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File #: 130573    Version: 1 Name: Formal Policy Discussions - June 11, 2013
Type: Hearing Status: Filed
Introduced: 6/4/2013 In control: Board of Supervisors
On agenda: 6/11/2013 Final action: 6/11/2013
Enactment date: Enactment #:
Title: Pursuant to Charter Sections 2.103 and 3.100(7), and Administrative Code, Section 2.11, the Mayor shall answer the following eligible questions submitted by the Supervisors representing Districts 1, 3, 9, and 11. The Mayor may address the Board initially for up to five minutes. Discussion shall not exceed five minutes per Supervisor. 1. As part of our state's efforts to curb greenhouse gases by 15% by 2040, California, under SB 375, requires that the San Francisco Bay Area, create land-use and transportation based "Sustainable Communities Strategies" to meet this goal. The Association of Bay Area Governments and MTC are developing a plan called Plan Bay Area to comply with this mandate. The Plan requires that most of the additional 2.1 million people projected to live in the Bay Area by 2040 be housed near transit and jobs to discourage the use of cars as their primary means of commuting. San Francisco would build 92,400 more housing units for 280,000 more people and 190,000 more jobs, most in the high tech sector. SB 375 also calls for streamlining the CEQA process for “Transit Priority Projects.” Potentially, the entire city of San Francisco would be eligible for CEQA exemption. This proposed reduction in scrutiny of development projects could further exacerbate those displacement impacts to existing communities. Upwards of 33% of people living in communities of concern in San Francisco, areas with high numbers of renters, low income households, and non-English-speakers, could be displaced. Over 40 local and regional environmental and community advocacy groups oppose the current draft Plan. A consensus has formed around the following recommendations for making Plan Bay Area better: - Provide $3 billion in additional operating revenue for local transit service and commit to a long-range “Regional Transit Operating Program” to boost transit operating subsidies by another $9 billion over the coming years, - Move 5 percent of the housing growth from low-income communities (mainly in San Francisco, Oakland, and San Jose) to transit-connected suburban job centers. - Incorporate strong anti-displacement policies for community stabilization measures, such as land banking and preservation of affordable housing in at-risk neighborhoods. - Direct the Planning Department to analyze the impacts of potential CEQA streamlining as soon as possible and create strong mitigation measures. Do you support these measures, and are you committed to a plan with lower displacement levels than the current proposal? If you do not support these ideas, why not? (Supervisor Mar, District 1) 2. Mr. Mayor, last year, the Board of Supervisors made small but important changes to your proposed budget that represented our shared citywide priorities. In recent months, Controller data indicates that positions allocated by the Board for librarians, recreation and park staff, building inspection, health and labor enforcement, urban agriculture and other Board priorities were either not filled or only recently hired. Will you commit to ensuring that when the FY13-14 budget is approved, our Board of Supervisors’ priorities are treated equally to your Administration’s, with positions filled as soon as possible? What can we do to work together to improve our hiring process once positions are created? (Supervisor Chiu, District 3) 3. At my request, the Budget and Legislative Analyst recently released a performance audit of the San Francisco Housing Authority that details an agency in crisis. I know you have been conducting a Housing Authority working group for many months to address this crisis. Given the local management problems at the Housing Authority and the fact that the Federal government has, for years, been turning its back on the nation's poorest residents by defunding housing authorities across the nation, what is your long term vision to save public housing--a significant public asset to San Francisco? (Supervisor Campos, District 9) 4. The housing search engine, Rent Jungle, estimates that as of May 2013, the average rent for a one-bedroom apartment in San Francisco is $2547, and the average rent for a two-bedroom apartment is $3206. Using the accepted standard that you should not spend more than 30% of your income on housing, this means a household salary of $128,000 is needed to rent the average two-bedroom. Working people and even most professionals cannot afford the current rents, and those who are in rent-controlled housing are feeling very vulnerable to displacement with the increased pressure on their landlords to find some way to evict them and triple their rents. Are you concerned that your administration’s policies to stimulate economic activity, especially supporting the tech industry, have created one-sided development and only jobs for high-income “appsters,” and have exacerbated the already extremely limited housing market? Do you have any plans to address the increasing rents, and increasing rate of evictions and displacement of long-time San Francisco renters? (Supervisor Avalos, District 11)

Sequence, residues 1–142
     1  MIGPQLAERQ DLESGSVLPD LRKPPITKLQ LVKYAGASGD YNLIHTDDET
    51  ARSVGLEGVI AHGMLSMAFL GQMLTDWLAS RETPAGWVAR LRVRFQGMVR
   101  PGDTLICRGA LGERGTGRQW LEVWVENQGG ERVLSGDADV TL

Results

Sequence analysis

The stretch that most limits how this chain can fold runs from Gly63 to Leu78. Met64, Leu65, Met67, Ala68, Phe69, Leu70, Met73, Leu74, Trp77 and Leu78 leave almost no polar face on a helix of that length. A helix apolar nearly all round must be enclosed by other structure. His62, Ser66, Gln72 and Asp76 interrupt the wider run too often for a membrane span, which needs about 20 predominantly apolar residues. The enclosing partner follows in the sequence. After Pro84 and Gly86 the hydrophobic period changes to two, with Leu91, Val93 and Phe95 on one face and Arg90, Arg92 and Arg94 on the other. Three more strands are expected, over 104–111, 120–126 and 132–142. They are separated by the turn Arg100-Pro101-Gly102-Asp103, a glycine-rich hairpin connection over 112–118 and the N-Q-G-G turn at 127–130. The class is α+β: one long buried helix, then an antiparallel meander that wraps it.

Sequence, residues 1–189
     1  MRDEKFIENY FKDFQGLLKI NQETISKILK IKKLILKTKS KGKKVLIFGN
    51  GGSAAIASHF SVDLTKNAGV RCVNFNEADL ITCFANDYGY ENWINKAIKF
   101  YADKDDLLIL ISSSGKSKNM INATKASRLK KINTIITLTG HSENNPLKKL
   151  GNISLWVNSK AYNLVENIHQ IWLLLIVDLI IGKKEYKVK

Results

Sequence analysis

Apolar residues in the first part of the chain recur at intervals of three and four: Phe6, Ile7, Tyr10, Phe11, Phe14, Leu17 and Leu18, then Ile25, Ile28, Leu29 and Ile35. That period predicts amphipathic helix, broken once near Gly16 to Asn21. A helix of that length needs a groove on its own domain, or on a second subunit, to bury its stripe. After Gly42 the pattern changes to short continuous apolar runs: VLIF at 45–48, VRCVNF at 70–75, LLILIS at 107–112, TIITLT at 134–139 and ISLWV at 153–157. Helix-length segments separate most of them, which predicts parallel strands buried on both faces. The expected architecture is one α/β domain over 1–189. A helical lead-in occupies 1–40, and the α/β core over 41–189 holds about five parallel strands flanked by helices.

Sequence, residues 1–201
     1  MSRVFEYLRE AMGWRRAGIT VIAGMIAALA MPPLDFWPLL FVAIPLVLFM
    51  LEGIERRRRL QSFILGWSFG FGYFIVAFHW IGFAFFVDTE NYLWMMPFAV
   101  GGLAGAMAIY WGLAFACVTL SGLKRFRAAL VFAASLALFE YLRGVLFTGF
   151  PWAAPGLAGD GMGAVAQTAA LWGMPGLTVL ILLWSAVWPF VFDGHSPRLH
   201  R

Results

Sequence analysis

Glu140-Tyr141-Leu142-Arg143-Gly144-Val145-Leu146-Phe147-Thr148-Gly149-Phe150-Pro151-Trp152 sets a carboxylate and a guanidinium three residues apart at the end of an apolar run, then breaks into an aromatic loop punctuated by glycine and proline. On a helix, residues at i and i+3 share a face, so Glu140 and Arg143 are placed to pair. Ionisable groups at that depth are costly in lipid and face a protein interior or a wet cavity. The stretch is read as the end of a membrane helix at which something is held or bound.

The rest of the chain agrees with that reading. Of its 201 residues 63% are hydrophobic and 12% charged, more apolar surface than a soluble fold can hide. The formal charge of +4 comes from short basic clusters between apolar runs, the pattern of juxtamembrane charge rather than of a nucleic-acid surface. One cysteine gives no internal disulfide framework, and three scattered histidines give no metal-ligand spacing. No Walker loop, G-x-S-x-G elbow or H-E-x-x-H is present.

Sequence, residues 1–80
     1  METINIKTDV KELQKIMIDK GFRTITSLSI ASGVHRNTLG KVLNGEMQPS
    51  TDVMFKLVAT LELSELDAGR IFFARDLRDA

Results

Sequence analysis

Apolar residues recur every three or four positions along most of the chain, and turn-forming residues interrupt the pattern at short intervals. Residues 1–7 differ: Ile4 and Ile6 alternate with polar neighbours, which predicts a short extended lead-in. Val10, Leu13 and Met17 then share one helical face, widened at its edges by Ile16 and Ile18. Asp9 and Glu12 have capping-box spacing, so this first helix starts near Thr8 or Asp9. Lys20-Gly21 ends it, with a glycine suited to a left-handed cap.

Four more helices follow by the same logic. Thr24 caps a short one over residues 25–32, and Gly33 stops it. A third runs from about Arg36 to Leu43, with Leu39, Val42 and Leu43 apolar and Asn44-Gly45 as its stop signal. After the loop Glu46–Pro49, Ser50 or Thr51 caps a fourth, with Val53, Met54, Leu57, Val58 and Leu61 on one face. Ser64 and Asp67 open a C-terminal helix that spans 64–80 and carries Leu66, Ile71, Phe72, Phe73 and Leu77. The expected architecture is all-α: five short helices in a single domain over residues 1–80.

Attachments: 1. Board_Packet_061113
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